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Condé Nast Ends Internship Program
The system of apprenticeship was first developed in the late Middle Ages as a system of training a new generation of practitioners of a structured competency a basic set of skills. Apprenticeships remain popular in industrial nations such as Germany and ranged from craft occupations or trades to those seeking a professional license to practice in a regulated profession.
An increasing number of teenagers these days are opting out of going to university through fear of being saddled with debts they may never pay back in their lifetime and look for alternative ways to acquire the skills they need on the job.
For many college students or those trying to get into a new career, internships have been a way to help build out real on the job skills that improve one’s chances of getting a job after graduation, or a way of getting a foot in the door to get noticed and possibly secure a permanent position. While each company is different in their policies towards paying and covering living expenses for interns, in recent years there has been increasing pressure to regulate and standardize minimum pay for interns since it is often felt that companies abuse individuals and view this as a cheap source of labor.
At the same time organizations argue that managing and coaching interns is time consuming and is enough of an overhead for the company without having to pay minimum wages. Each industry has its own war stories and journalism is no exception about four months ago two formers interns sued Condé Nast, claiming they had been paid below minimum wage for the summer jobs at W Magazine and The New Yorker. The case, still pending, is one of several recent lawsuits filed by low-paid and unpaid interns in the media field. Hearst Magazines was sued by a former Harper’s Bazaar intern last year, and this past spring a Federal District Court judge in Manhattan ruled that Fox Searchlight Pictures broke laws for not paying two interns who worked on “Black Swan.”
This week Condé Nast announced that it was closing down its internship program. A spokeswoman for the company, whose publications include The New Yorker, Vanity Fair and Vogue, confirmed that the program would end, but said current interns would not be affected. Several former and current Condé Nast interns said sacrificing the internship program seemed too extreme a response, not least because it meant that hundreds of fledgling and prospective journalists would be denied an invaluable launching pad.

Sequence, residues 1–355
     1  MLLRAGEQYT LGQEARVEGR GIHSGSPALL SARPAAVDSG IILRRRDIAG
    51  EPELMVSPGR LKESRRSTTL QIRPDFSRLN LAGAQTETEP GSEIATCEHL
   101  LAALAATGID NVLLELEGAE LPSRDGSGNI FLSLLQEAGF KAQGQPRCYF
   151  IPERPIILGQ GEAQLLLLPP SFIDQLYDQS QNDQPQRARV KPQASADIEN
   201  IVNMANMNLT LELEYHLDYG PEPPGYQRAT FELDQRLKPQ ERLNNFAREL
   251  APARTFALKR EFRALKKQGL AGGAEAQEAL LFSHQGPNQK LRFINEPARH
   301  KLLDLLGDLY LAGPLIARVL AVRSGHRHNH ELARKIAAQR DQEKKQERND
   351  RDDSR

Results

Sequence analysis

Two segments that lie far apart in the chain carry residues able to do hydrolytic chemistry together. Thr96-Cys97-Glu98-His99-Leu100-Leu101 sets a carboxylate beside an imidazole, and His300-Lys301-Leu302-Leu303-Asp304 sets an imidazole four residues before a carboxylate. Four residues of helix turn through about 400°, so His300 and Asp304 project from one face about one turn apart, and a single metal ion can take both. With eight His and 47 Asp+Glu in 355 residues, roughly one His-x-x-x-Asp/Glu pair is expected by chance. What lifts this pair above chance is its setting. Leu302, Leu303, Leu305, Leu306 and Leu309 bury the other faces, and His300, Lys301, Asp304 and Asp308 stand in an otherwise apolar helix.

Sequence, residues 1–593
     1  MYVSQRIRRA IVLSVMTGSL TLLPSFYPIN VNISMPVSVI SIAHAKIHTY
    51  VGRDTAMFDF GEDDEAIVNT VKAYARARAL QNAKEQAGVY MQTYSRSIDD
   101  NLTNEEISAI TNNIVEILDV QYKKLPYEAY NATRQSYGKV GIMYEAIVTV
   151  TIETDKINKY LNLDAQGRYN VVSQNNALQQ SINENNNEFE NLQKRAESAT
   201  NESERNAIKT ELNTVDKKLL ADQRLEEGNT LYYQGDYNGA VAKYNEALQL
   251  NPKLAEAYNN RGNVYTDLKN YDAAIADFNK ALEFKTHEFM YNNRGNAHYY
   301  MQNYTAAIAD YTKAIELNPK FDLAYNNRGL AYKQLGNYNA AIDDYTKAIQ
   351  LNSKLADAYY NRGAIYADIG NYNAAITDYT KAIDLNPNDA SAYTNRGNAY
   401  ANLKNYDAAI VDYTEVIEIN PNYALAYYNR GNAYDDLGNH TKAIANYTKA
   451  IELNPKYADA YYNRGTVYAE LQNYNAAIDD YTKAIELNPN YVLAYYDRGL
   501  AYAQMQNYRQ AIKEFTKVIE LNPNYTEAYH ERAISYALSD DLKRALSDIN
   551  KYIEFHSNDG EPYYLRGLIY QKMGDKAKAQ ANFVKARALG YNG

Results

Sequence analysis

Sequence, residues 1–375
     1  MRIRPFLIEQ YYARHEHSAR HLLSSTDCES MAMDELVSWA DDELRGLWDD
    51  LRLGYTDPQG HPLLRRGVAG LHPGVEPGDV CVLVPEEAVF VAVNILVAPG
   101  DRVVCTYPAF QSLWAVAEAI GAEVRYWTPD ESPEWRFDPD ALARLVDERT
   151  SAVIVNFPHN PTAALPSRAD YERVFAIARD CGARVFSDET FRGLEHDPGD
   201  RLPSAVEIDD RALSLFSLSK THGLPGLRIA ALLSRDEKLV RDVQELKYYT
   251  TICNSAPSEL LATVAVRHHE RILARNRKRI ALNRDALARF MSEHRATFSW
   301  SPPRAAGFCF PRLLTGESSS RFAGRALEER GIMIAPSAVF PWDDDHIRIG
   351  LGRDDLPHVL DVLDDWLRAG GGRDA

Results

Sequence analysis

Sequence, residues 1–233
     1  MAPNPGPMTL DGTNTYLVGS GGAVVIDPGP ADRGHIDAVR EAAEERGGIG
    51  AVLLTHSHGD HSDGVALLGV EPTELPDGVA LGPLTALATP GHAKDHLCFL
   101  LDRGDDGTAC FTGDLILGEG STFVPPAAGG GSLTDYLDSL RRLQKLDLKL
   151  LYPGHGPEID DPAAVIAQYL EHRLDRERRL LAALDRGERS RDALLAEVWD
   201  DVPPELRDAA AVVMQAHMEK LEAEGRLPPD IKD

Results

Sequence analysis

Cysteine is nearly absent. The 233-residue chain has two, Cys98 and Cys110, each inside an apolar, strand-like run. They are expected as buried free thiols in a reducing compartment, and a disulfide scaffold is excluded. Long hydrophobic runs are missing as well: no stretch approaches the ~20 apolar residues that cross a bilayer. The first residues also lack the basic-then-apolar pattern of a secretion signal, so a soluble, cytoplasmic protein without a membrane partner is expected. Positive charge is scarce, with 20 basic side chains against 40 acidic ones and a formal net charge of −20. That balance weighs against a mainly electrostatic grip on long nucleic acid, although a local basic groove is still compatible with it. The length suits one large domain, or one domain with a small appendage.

Also lost would be the lessons learned from working at the magazines, and brushing elbows with the magazine world’s most recognizable names. Doing research for writers like George Packer, Jane Kramer and Philip Gourevitch. Spotting Graydon Carter or Anna Wintour in the cafeteria
Over the years Condé Nast internships drew plenty of the rich and famous, including a daughter of Leslie Moonves, president and chief executive of CBS, and a daughter of Arianna Huffington. Not to mention those reality TV darlings Lauren Conrad and Whitney Port, who were interns at Teen Vogue.
For those of more modest means, living as an intern was a bit rougher without her parents financial help many could not have done the internship, which lasted four months and could range from unpaid to a measly $600 a month. While students can earn school credit for their internship, not all former Condé Nast interns fully agreed with the premise of the lawsuit. Stephanie Cain, an editor at an e-commerce start-up who interned in 2008 at Brides magazine, another Condé Nast publication, said she had never expected to get paid for journalism internships. Besides, she viewed the Brides internship, which continues to open doors, as akin to auditing a class, “And you don’t expect to be paid for auditing a class,” she said.
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